Origin of the Queue— Social Life— An Eyeglass— Street Etiquette— Guest and Host— The Position of Women— Infanticide—Training and Education of Women— The Wife’s Status— Ancestral Worship— Widows— Foot-binding— Henpecked Husbands— The
Chinaman a Mystery— Customs vary with Places— Dog’s Flesh—Substitutes at Executions— Doctors— Conclusion
INDEX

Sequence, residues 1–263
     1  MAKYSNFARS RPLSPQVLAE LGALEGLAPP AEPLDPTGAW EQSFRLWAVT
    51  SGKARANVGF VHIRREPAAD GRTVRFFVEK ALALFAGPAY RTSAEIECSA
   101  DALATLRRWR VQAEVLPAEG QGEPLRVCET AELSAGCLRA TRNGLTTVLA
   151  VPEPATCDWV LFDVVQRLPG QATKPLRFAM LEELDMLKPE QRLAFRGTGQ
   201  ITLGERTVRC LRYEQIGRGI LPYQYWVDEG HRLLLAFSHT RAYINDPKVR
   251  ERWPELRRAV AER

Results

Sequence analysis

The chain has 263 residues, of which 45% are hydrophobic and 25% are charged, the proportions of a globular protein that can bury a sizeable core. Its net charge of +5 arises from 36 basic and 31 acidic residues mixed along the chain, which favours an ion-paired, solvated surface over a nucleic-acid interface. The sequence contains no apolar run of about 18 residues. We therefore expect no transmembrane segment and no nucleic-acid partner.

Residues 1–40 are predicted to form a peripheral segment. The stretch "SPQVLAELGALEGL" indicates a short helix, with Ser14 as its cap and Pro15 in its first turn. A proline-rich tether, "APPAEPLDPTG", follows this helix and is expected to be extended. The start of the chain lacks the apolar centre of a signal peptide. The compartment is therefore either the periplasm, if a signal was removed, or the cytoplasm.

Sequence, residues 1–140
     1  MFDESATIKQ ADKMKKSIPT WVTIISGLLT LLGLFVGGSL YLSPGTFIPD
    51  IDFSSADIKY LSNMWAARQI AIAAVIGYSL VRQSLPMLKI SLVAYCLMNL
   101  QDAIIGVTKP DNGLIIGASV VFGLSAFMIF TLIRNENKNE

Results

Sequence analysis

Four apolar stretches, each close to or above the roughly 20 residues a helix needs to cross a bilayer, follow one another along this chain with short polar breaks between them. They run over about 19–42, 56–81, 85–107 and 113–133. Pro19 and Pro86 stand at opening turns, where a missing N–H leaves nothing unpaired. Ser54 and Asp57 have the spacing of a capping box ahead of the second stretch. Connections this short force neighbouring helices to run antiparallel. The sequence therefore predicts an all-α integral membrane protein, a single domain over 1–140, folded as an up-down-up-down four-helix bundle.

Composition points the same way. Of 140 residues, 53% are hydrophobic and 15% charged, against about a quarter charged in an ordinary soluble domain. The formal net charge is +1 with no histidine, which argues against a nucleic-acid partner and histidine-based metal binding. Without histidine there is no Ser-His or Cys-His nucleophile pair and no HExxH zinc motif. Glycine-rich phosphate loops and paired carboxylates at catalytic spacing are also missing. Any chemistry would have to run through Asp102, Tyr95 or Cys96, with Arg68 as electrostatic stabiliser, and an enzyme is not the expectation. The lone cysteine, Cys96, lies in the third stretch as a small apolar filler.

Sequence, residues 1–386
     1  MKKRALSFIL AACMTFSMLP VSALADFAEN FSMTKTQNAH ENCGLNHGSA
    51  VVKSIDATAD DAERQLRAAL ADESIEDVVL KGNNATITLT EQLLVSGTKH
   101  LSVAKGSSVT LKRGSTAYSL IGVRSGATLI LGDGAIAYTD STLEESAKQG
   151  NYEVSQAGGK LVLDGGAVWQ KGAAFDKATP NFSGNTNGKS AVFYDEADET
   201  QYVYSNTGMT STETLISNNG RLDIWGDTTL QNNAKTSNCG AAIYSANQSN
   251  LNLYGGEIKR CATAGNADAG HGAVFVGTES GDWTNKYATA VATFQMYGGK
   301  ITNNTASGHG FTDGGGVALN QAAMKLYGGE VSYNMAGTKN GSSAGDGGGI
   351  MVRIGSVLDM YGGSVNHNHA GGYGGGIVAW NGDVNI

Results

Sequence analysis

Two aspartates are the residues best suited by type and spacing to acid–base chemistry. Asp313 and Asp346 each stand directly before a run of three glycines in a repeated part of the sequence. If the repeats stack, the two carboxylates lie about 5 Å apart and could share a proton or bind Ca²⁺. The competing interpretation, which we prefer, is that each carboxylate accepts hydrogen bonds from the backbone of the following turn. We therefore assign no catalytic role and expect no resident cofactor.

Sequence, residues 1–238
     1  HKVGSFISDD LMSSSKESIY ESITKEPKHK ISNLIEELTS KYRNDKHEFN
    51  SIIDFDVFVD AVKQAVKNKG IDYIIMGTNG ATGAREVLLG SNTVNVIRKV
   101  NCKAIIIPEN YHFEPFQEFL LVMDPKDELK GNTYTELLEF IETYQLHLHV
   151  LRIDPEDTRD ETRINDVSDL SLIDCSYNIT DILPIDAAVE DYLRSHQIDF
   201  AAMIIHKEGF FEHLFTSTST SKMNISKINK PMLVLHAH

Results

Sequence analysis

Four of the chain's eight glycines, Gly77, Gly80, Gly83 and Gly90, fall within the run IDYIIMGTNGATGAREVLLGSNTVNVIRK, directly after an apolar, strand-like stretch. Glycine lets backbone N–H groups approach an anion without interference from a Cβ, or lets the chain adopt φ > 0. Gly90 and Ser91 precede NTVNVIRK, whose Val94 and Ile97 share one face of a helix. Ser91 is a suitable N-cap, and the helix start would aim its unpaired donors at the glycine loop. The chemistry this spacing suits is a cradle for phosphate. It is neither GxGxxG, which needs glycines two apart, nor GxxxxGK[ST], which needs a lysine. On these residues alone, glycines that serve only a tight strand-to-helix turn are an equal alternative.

If the Chinese people were to file one by one past a given point, the interesting procession would never come to an end. Before the last man of those living to-day had gone by, another and a new generation would have grown up, and so on for ever and ever. The importance, as a factor in the sum of human affairs, of this vast nation,—of its language, of its literature, of its religions, of its history, of its manners and customs,—goes therefore without saying. Yet a serious attention to China and her affairs is of very recent growth. Twenty-five years ago there was but one professor of Chinese in the United Kingdom of Great Britain and Ireland; and even that one spent his time more in adorning his profession than in imparting his knowledge to classes of eager students. Now there are all together five chairs of Chinese, the occupants of which are all more or less actively employed. But we are still sadly lacking in what Columbia University appears to have obtained by the stroke of a generous pen,—adequate funds for endowment. Meanwhile, I venture to offer my respectful congratulations to Columbia University on having surmounted this initial difficulty, and also to prophesy that the foresight of the liberal donor will be amply justified before many years are over. I have often been asked if Chinese is, or is not, a difficult language to learn. To this question it is quite impossible to give a categorical answer, for the simple reason that Chinese consists of at least two languages, one colloquial and the other written, which for all practical purposes are about as distinct as they well could be. Colloquial Chinese is a comparatively easy matter. It is, in fact, more easily acquired in the early stages than colloquial French or German. A student will begin to speak from the very first, for the simple reason that there is no other way. There are no Declensions or Conjugations to be learned, and consequently no Paradigms or Irregular Verbs. In a day or two the student should be able to say a few simple things. After three months he should be able to deal with his ordinary requirements; and after six months he should be able to chatter away more or less accurately on a variety of interesting subjects. A great deal depends upon the method by which he is taught. The written or book language, on the other hand, may fairly be regarded as a sufficient study for a lifetime; not because of the peculiar script, which yields when systematically attacked, but because the style of the book language is often so extremely terse as to make it obscure, and sometimes so lavishly ornate that without wide reading it is not easy to follow the figurative phraseology, and historical and mythological allusions, which confront one on every page.